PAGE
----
The Vatican expressed assurances that progress in Catholic-Jewish relations will not be set back by the restoration of the Latin Mass.
In a statement issued Friday by Vatican Secretary of State Cardinal Tarcisio Bertone, the church did not promise to further amend the prayer, whose call for the conversion of the Jews prompted warnings of a severe setback in Jewish-Catholic Relations. Rather, it reads as an assurance that the “progress of friendly relations between the Jews and the Catholic Church over the last forty years” is not undermined by the prayer.
The communique says the unamended prayer of 1970, which does not directly speak of Jewish conversion, “continues to be in full use, and is the ordinary form of the prayer of Catholics.”
Last summer’s decision by the German-born Pope to bring back the Latin, or Tridentine, Mass – including its prayer that the Jews convert – has been widely characterized as a setback in Jewish-Catholic dialogue. Recently, Jewish leaders in Germany and Italy said they would cease that dialogue if the prayer remained as is.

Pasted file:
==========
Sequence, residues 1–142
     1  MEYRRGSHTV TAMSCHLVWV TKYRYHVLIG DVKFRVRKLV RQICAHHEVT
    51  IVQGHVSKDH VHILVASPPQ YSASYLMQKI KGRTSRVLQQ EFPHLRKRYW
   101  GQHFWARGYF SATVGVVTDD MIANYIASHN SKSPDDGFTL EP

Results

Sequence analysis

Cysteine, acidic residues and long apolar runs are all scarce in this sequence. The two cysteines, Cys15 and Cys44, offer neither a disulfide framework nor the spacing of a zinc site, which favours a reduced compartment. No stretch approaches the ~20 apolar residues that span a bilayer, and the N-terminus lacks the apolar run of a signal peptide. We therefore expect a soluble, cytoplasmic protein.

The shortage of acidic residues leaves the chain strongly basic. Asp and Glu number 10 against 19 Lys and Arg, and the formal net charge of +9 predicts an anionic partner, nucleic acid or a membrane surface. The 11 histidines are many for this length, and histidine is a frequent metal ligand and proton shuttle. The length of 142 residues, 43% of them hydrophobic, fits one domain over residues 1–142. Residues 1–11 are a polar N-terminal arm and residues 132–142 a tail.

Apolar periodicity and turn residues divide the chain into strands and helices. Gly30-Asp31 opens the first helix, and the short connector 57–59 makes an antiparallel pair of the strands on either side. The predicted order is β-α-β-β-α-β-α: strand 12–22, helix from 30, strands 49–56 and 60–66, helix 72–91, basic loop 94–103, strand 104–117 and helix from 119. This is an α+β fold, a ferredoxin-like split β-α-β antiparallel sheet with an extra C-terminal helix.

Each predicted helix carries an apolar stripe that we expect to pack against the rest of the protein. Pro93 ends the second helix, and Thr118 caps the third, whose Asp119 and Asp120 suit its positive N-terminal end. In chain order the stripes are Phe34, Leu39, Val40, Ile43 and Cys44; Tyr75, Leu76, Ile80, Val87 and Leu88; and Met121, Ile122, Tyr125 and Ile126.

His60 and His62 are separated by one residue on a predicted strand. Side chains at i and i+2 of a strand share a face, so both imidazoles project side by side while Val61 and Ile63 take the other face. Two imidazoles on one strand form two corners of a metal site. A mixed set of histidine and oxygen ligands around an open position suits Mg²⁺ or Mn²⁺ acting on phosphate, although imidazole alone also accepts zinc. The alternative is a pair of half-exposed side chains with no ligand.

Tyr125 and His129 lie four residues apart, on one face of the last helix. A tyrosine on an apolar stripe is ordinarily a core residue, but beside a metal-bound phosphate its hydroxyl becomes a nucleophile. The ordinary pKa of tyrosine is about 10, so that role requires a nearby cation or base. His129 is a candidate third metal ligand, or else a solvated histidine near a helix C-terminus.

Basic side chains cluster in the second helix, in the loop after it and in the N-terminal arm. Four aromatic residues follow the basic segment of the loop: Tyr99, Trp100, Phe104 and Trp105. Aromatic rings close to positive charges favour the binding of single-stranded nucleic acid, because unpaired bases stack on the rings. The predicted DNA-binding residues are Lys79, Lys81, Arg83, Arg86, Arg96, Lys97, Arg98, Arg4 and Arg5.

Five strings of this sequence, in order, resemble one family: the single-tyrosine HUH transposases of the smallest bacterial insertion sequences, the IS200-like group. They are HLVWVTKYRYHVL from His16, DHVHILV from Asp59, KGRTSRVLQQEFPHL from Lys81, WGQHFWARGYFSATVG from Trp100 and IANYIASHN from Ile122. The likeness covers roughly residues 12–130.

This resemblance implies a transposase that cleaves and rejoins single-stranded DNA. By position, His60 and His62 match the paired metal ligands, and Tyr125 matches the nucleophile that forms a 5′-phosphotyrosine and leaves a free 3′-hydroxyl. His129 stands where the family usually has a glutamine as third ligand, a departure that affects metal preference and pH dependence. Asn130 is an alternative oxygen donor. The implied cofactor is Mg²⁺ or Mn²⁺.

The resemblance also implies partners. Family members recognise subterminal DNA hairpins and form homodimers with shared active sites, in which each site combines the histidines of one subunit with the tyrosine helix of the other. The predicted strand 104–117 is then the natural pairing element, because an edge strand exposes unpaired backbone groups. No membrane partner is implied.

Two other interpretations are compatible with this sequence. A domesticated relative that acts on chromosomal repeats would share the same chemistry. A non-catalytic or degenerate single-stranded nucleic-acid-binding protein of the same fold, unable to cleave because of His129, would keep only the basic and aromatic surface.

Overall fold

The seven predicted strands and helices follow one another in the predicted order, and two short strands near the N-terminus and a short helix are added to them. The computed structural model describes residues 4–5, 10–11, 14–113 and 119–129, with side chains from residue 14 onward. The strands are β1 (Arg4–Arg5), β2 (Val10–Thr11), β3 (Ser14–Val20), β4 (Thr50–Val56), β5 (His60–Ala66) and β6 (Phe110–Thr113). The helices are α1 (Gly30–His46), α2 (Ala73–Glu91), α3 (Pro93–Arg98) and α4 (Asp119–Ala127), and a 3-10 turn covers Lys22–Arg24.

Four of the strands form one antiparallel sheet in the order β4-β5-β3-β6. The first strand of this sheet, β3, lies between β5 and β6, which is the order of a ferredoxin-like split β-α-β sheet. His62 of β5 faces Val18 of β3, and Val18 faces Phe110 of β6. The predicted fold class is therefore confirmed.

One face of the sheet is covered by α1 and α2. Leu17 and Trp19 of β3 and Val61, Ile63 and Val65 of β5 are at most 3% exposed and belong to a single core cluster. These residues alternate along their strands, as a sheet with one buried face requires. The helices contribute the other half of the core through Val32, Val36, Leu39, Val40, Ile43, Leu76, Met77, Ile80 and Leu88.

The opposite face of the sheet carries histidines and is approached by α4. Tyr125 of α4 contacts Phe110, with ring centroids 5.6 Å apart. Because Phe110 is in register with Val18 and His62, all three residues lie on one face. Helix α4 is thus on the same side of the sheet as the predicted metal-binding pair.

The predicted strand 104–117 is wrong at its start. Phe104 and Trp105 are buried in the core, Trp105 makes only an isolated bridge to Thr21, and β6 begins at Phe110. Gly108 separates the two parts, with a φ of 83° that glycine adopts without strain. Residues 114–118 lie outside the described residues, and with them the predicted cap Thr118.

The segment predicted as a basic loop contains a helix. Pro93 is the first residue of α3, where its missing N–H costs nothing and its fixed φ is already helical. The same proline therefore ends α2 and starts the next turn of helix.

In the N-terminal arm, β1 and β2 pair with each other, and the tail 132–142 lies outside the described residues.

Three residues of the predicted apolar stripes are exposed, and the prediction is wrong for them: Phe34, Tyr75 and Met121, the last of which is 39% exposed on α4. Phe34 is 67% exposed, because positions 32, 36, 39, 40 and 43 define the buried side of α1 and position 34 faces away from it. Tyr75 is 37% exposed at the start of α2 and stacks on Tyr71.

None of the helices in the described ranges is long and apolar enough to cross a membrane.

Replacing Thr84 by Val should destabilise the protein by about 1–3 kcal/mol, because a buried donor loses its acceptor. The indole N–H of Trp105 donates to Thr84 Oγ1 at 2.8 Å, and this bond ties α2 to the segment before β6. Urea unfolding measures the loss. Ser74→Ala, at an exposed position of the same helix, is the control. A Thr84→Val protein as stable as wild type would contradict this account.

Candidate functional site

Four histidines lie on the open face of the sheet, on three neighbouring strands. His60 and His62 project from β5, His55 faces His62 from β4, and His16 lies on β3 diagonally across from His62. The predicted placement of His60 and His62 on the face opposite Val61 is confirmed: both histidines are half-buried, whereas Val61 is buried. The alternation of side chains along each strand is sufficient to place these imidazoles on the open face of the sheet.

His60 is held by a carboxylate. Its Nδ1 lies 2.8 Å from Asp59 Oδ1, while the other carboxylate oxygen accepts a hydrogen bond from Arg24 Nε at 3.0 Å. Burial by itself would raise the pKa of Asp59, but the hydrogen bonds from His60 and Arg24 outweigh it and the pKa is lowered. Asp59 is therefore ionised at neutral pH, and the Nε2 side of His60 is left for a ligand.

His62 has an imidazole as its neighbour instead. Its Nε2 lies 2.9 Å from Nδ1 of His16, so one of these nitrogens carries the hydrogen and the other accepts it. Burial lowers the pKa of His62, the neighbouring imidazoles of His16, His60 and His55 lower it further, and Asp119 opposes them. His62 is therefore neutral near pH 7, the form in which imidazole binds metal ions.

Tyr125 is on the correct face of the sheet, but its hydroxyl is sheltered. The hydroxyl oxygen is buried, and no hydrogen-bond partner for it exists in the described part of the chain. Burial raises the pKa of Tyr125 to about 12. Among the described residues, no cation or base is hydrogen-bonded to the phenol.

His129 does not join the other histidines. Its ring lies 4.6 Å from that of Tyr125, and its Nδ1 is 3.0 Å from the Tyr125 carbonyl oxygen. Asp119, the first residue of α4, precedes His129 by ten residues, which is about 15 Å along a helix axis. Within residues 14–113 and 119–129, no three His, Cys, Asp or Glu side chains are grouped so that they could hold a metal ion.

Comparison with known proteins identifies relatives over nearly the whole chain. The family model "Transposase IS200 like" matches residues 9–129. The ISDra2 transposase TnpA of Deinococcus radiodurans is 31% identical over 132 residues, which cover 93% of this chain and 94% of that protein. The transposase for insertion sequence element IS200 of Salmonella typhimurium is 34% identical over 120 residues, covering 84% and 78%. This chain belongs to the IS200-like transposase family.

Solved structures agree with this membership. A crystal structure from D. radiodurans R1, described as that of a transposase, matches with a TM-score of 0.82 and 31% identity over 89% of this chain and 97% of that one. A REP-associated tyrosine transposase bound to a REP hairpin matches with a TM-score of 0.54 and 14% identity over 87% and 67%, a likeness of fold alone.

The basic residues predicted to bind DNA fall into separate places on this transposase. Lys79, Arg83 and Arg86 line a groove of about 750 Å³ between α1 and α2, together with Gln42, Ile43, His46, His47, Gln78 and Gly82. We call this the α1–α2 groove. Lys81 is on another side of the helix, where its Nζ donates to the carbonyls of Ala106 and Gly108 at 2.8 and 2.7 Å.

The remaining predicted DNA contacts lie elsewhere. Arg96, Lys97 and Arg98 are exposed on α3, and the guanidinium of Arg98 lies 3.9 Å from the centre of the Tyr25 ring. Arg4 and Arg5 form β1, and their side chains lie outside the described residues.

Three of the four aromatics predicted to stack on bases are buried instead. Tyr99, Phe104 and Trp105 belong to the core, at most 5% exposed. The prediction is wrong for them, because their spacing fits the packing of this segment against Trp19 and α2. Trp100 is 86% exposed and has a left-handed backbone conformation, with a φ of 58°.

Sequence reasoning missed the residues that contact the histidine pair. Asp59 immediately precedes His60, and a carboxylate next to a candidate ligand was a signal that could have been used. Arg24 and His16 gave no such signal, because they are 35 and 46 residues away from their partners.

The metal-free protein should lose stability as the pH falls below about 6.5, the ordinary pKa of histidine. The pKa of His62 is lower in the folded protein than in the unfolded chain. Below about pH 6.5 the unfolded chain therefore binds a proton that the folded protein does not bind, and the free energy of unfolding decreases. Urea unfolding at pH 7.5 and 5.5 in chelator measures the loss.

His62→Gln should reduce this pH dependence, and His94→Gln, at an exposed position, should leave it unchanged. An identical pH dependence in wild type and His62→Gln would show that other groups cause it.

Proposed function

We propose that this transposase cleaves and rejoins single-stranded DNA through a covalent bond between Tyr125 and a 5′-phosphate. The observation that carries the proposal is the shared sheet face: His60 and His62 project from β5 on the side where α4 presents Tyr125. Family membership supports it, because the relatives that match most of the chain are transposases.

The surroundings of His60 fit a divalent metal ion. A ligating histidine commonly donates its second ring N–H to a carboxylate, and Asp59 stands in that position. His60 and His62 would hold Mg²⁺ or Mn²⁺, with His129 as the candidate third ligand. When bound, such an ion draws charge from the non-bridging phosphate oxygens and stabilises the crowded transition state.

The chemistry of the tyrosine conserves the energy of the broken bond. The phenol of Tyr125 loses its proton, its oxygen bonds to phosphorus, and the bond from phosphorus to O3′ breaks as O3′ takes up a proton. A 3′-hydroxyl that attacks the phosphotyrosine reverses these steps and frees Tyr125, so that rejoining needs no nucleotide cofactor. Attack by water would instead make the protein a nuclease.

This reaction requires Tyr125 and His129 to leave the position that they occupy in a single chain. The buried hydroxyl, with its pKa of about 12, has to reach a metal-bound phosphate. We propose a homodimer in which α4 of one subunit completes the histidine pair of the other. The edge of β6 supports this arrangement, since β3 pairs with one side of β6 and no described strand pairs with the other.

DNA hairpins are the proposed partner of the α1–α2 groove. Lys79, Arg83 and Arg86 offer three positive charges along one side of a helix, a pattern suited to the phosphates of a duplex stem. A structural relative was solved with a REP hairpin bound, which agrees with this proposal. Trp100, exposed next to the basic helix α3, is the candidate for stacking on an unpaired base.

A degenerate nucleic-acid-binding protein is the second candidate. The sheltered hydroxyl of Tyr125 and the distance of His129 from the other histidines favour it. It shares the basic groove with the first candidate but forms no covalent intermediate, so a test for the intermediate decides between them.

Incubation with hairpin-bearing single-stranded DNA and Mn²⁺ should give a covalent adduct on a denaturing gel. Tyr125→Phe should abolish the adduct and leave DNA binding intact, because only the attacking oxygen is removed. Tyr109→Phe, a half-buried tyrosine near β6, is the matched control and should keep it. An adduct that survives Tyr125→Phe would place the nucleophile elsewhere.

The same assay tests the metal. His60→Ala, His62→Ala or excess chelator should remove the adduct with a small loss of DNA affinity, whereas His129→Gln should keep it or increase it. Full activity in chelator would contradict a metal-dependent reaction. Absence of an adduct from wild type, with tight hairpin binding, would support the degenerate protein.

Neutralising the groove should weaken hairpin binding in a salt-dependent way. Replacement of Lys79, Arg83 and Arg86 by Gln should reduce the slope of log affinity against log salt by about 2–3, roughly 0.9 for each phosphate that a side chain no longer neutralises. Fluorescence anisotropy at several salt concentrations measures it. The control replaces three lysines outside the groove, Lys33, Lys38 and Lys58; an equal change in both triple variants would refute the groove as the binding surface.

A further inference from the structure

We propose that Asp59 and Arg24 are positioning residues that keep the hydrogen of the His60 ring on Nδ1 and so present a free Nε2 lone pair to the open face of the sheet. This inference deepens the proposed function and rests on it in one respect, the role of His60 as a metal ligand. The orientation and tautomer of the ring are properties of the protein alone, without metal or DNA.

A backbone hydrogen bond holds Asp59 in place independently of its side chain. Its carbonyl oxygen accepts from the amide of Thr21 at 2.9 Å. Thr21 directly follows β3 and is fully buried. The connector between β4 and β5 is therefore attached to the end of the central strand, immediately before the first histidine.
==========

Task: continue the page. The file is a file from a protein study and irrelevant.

The new explanation acknowledges Jewish concerns that the prayer “is not in harmony with the official declarations and statements of the Holy See.” But it insists that the new formulation “in no way intends
to indicate a change in the Catholic Church’s regard for the Jews which has evolved from the basis of the Second Vatican Council.”
Furthermore, the statement emphasizes the Jewish roots of the Christian faith and the commitment of the Church to “firmly repudiat[e] any kind of anti-Semitism.”
The Vatican II Council, in 1965, adopted the “Nostra Aetate” declaration positing respect from the Church towards the Jewish faith. That declaration “continue[s] to sustain the bonds of esteem, dialogue, love, solidarity and collaboration between Catholics and Jews,” read today’s statement in part.